file0001309677526In a famous 19th Century science experiment, researchers described how if they put a frog in a pot of boiling water, it would quickly jump out, recognizing the danger instinctively. But if the frog was put in cold water that was heated to boiling very slowly, the frog had no idea of the trouble brewing. By the time the water was boiling, the frog was dead meat.

So it can be with dysfunctional families, marriages, or even organizations. It seems OK until suddenly it doesn’t.

Warning Sign #1: You are no longer warm or affectionate with your partner.

file1601299643113Happy loving couples look up from what they are doing and smile when their partner comes home from work. They touch one another with some frequency–a hug hello or goodbye, a hand on the shoulder or leg, a kiss goodnight, holding hands watching a movie, rubbing the back of the neck after a long day.

Some people try to defend their lack of physical warmth by saying it’s not how they are built but when you see them with their children, they touch and tussle, smile and cuddle. Often when affection begins to wane in a marriage, it is a symptom of unexpressed resentment that needs to …


Change Your Attitude & Life Will Follow

Monday, January 6th, 2014

PicCollage copy 2“They must often change, who would be constant in happiness or wisdom.”  -Confucius

Each January, as the kids go back to school after winter break, after we have watched the ball drop in Times Square and rung in the new year, most of us can’t help but think about the ways we want the next year to be different–and better–than the last. What about you? Are there any bad habits you want to break or new goals that you have set for yourself?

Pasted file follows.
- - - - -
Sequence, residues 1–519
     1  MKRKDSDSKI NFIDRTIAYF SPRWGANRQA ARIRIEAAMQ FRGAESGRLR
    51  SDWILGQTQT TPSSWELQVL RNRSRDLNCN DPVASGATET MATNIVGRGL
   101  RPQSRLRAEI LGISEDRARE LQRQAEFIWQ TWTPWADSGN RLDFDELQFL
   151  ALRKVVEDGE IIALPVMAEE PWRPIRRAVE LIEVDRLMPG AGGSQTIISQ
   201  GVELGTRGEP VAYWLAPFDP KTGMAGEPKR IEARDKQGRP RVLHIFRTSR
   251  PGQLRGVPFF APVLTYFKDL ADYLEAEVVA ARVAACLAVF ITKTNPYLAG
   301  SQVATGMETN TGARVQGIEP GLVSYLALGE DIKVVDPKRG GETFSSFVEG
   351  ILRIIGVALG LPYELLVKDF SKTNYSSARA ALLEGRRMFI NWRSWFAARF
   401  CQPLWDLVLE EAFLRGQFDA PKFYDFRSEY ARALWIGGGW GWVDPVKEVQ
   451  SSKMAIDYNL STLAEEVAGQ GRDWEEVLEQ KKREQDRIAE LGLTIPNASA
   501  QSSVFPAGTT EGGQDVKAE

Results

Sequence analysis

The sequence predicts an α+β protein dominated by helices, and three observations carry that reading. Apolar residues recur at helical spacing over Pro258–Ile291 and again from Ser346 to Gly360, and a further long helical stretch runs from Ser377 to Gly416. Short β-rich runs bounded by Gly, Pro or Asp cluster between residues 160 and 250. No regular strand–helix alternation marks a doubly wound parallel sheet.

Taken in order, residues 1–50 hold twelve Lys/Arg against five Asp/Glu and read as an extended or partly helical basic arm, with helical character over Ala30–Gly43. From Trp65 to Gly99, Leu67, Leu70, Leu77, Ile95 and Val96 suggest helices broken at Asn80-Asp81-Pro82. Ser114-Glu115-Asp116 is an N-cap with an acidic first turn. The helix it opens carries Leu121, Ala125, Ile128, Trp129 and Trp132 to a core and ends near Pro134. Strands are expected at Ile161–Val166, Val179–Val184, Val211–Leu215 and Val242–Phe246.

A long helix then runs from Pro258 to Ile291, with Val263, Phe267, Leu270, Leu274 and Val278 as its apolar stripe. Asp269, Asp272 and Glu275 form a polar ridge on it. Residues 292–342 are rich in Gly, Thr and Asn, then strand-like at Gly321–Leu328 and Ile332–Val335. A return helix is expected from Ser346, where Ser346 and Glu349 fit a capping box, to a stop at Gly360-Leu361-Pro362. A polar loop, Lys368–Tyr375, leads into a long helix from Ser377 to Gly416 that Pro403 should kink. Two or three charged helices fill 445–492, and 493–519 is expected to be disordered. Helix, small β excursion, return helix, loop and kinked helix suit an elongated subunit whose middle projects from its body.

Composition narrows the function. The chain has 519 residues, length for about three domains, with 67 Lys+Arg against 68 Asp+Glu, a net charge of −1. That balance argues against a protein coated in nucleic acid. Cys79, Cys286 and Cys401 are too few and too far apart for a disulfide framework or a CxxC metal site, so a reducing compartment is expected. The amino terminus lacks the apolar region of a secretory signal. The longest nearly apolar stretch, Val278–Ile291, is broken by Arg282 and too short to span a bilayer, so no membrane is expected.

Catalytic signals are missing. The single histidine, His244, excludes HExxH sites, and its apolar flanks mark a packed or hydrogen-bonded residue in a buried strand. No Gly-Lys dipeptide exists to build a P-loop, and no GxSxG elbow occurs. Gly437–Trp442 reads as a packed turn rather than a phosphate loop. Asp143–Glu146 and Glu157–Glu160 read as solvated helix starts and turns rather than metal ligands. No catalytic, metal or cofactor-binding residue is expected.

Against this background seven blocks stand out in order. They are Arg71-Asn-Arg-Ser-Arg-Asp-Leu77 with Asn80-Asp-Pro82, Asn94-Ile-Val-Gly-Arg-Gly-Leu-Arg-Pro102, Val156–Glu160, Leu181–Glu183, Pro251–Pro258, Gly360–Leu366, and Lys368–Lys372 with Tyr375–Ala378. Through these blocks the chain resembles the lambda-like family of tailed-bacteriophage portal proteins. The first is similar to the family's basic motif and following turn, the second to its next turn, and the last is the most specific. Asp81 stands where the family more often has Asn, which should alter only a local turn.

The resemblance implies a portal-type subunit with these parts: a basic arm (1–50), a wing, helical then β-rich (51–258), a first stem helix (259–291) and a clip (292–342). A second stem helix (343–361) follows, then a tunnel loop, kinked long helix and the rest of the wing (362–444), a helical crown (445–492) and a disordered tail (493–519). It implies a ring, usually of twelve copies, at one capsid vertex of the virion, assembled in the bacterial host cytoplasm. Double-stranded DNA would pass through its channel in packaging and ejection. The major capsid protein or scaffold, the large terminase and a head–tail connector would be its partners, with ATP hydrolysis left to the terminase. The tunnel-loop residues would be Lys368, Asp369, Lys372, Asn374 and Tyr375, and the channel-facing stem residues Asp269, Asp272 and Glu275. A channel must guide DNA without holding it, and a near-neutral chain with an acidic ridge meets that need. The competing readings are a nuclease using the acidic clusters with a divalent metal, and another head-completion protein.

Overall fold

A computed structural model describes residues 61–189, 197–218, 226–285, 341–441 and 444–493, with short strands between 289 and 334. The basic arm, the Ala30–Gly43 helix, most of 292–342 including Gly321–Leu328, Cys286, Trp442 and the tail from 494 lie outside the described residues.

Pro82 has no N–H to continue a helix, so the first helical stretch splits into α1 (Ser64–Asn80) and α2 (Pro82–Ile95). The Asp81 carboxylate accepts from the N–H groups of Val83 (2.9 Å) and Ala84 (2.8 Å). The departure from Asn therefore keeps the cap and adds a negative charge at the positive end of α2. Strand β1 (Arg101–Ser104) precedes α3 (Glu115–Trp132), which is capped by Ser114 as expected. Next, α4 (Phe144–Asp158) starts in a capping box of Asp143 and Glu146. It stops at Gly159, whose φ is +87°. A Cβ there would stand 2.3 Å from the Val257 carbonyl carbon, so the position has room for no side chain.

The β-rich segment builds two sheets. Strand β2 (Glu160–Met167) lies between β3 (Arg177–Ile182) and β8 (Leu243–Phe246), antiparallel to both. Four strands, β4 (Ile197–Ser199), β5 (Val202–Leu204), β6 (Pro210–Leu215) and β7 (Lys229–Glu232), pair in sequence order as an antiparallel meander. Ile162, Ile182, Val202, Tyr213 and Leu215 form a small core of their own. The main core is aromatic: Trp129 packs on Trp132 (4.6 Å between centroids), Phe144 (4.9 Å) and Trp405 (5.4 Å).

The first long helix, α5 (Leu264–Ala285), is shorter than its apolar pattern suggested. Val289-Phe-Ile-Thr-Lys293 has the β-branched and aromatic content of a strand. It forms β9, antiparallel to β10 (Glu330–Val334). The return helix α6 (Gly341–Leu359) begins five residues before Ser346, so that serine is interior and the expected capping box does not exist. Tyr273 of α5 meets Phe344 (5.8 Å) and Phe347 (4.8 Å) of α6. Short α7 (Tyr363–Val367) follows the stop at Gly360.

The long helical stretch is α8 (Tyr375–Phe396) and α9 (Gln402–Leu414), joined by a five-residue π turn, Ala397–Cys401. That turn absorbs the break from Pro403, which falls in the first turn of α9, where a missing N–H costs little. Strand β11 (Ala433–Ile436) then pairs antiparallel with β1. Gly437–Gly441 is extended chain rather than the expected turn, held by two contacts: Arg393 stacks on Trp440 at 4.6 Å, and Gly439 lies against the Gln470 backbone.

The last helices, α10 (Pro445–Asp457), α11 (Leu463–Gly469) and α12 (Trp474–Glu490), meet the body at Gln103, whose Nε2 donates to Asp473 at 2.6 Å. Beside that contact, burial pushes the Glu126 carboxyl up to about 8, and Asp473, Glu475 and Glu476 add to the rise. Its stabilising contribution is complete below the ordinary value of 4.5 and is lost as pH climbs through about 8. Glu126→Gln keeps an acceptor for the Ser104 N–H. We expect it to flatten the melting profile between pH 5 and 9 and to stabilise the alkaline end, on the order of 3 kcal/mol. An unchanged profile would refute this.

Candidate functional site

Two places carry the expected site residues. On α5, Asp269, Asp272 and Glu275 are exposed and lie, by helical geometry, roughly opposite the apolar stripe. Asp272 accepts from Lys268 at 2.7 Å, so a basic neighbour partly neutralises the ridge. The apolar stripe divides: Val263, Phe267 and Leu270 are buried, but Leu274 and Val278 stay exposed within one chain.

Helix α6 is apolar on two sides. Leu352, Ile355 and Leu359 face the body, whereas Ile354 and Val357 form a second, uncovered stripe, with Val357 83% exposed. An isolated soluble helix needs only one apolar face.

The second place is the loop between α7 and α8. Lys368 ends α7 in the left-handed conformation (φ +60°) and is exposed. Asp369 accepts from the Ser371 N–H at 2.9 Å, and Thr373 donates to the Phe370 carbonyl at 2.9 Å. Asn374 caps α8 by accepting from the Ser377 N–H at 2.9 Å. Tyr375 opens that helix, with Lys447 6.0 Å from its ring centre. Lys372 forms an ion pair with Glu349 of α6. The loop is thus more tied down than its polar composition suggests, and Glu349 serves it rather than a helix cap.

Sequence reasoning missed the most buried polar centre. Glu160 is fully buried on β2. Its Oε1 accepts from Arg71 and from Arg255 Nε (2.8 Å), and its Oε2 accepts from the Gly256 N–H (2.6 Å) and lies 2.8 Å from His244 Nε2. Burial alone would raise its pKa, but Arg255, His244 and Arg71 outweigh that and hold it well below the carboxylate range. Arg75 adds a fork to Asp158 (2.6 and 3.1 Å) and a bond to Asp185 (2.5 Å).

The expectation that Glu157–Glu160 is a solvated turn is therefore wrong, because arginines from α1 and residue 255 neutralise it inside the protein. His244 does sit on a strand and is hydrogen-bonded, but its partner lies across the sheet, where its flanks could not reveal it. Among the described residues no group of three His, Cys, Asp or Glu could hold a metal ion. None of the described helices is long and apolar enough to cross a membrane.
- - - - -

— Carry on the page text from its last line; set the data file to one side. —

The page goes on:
If you are inspired to make some changes in yourself, your family or in other relationships, remember that even change for the better is stressful and discombobulating. As creatures of habit, we get used to the way things are–even when the status quo is no longer very appealing or sometimes downright awful.

Unfortunately, many people make New Year’s resolutions, fail to keep them, and then beat themselves up for failing. Sound familiar? Here’s some hints that may make you more successful in accomplishing your goals…
It All Starts with Attitudefile7181334521100
Do you remember the children’s story, The Little Engine That Could? When a red train full of cargo breaks down on the track, a little blue train takes it upon herself to attempt the difficult feat of pulling a load of toys over the mountain. She succeeds only when she tells herself, “I think I can, I think I can, and then delights in her success by saying to herself, “I thought I could, I thought I could!” The little engine models an empowering self-concept, fostering perseverance in the face of hardship.

When you are taught to believe in yourself, confronting an obstacle pushes you to try harder rather than giving up. If you think less of yourself, you will have trouble even getting started let alone persevering when the going gets tough. If you anticipate failure, why bother?

One way to change your attitude is to think about problems, setbacks, or obstacles as situations demanding attention and new strategies. When you hear yourself using the word “problem,” try …


Helping Yourself by Serving Others

Monday, December 23rd, 2013

file9021344553210“The best way to find yourself is to lose yourself in the service of others.”  -Mahatma Gandhi